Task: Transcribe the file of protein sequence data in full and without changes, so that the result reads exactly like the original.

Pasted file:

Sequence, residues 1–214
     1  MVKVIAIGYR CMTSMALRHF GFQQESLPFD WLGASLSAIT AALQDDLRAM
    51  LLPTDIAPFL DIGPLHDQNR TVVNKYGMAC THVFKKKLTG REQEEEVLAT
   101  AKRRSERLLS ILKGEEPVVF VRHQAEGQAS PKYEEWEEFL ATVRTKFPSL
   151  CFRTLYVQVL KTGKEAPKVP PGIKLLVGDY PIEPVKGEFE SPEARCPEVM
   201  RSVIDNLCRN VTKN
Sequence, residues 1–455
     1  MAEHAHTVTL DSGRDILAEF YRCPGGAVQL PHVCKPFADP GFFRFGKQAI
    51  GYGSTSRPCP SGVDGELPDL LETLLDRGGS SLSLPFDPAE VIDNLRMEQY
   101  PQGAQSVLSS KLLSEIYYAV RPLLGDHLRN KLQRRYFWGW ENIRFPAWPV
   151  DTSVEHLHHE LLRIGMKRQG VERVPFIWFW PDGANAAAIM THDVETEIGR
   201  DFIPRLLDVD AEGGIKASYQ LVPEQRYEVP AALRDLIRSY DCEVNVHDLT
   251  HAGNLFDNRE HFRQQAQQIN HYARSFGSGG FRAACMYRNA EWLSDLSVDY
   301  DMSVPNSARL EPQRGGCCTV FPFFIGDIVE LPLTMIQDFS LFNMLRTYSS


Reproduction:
Sequence, residues 1–214
     1  MVKVIAIGYR CMTSMALRHF GFQQESLPFD WLGASLSAIT AALQDDLRAM
    51  LLPTDIAPFL DIGPLHDQNR TVVNKYGMAC THVFKKKLTG REQEEEVLAT
   101  AKRRSERLLS ILKGEEPVVF VRHQAEGQAS PKYEEWEEFL ATVRTKFPSL
   151  CFRTLYVQVL KTGKEAPKVP PGIKLLVGDY PIEPVKGEFE SPEARCPEVM
   201  RSVIDNLCRN VTKN
Sequence, residues 1–455
     1  MAEHAHTVTL DSGRDILAEF YRCPGGAVQL PHVCKPFADP GFFRFGKQAI
    51  GYGSTSRPCP SGVDGELPDL LETLLDRGGS SLSLPFDPAE VIDNLRMEQY
   101  PQGAQSVLSS KLLSEIYYAV RPLLGDHLRN KLQRRYFWGW ENIRFPAWPV
   151  DTSVEHLHHE LLRIGMKRQG VERVPFIWFW PDGANAAAIM THDVETEIGR
   201  DFIPRLLDVD AEGGIKASYQ LVPEQRYEVP AALRDLIRSY DCEVNVHDLT
   251  HAGNLFDNRE HFRQQAQQIN HYARSFGSGG FRAACMYRNA EWLSDLSVDY
   301  DMSVPNSARL EPQRGGCCTV FPFFIGDIVE LPLTMIQDFS LFNMLRTYSS